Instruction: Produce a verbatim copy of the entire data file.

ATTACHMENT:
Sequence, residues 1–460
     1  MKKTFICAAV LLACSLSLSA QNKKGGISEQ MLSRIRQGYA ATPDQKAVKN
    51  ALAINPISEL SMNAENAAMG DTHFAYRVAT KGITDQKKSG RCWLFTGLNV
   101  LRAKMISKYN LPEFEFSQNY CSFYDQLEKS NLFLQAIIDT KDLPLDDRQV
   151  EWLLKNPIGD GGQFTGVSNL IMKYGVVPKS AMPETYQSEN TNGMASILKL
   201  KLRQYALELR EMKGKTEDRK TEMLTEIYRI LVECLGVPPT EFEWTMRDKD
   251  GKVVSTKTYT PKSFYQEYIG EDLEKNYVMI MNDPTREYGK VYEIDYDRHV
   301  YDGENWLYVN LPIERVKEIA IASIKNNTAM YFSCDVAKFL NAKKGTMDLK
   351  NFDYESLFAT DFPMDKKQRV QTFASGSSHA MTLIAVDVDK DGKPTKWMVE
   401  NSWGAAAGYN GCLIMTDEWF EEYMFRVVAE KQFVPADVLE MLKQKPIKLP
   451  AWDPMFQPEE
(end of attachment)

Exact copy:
Sequence, residues 1–460
     1  MKKTFICAAV LLACSLSLSA QNKKGGISEQ MLSRIRQGYA ATPDQKAVKN
    51  ALAINPISEL SMNAENAAMG DTHFAYRVAT KGITDQKKSG RCWLFTGLNV
   101  LRAKMISKYN LPEFEFSQNY CSFYDQLEKS NLFLQAIIDT KDLPLDDRQV
   151  EWLLKNPIGD GGQFTGVSNL IMKYGVVPKS AMPETYQSEN TNGMASILKL
   201  KLRQYALELR EMKGKTEDRK TEMLTEIYRI LVECLGVPPT EFEWTMRDKD
   251  GKVVSTKTYT PKSFYQEYIG EDLEKNYVMI MNDPTREYGK VYEIDYDRHV
   301  YDGENWLYVN LPIERVKEIA IASIKNNTAM YFSCDVAKFL NAKKGTMDLK
   351  NFDYESLFAT DFPMDKKQRV QTFASGSSHA MTLIAVDVDK DGKPTKWMVE
   401  NSWGAAAGYN GCLIMTDEWF EEYMFRVVAE KQFVPADVLE MLKQKPIKLP
   451  AWDPMFQPEE